We expect the continued low inflation in the euro area to eventually trigger additional easing from the ECB, but we do not expect the ECB to address this by rate cuts. Instead, we find it likely the ECB will extend the QE purchases beyond March 2017, but believe this should not be announced in the near future.
According to the ECB, the closing output gap will support wage growth and hence core inflation, but so far the improved labour market conditions have not resulted in upward pressure on wages. Based on our detailed inflation forecast, we believe the ECB is too optimistic on its outlook for core inflation.
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The biggest risk to our expectation that the ECB will not cut rates further is a strong appreciation of the effective euro. The effective euro has already appreciated 2.5% following the ECB easing in March and, based on our forecasts for bilateral exchange rate, the upward pressure on the currency is set to continue over the coming 12 months.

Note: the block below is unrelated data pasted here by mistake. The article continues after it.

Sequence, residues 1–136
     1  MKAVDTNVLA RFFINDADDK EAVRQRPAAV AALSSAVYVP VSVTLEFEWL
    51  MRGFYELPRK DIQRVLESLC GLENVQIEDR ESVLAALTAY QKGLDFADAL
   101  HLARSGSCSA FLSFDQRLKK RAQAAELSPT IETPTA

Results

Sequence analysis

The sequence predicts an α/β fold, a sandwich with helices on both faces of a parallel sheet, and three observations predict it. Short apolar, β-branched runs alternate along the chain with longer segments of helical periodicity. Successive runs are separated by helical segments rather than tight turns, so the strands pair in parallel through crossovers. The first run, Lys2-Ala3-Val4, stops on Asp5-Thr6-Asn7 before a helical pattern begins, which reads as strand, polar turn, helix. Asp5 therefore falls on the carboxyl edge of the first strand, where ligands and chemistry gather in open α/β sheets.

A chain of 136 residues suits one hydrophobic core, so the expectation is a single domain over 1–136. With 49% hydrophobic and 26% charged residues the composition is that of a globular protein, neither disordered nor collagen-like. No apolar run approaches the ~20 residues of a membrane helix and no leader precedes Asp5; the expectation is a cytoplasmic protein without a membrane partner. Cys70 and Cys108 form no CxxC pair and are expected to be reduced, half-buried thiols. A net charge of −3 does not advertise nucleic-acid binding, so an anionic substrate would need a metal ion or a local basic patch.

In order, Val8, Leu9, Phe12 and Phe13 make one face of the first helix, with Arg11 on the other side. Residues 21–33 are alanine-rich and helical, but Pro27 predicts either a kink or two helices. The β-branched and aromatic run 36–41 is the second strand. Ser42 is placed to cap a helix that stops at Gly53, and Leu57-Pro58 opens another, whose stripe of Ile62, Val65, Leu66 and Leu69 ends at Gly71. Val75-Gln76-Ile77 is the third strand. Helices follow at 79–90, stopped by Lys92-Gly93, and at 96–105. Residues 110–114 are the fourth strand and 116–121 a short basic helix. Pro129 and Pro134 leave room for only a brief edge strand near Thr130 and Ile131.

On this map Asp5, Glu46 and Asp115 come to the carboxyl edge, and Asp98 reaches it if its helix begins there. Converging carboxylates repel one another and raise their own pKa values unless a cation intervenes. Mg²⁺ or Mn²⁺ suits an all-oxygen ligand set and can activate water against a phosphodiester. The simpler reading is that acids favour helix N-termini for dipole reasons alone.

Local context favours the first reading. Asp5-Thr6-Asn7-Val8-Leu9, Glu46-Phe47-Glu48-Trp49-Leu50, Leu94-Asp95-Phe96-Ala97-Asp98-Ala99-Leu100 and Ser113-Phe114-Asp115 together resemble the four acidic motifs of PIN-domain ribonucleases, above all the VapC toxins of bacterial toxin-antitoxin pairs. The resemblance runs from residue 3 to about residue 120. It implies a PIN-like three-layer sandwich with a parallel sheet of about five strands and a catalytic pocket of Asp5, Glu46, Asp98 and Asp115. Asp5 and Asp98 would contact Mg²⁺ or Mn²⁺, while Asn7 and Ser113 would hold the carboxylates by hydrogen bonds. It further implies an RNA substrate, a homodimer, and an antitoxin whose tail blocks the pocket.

The stronger euro set to be a headwind to inflation. The ECB has made an alternative inflation forecast, where the effective euro gradually appreciates 5.5% towards 2018. It estimates that this on average will keep the euro area in deflation during 2016, while inflation will only reach an interval of 1.2-1.5% on average in 2018.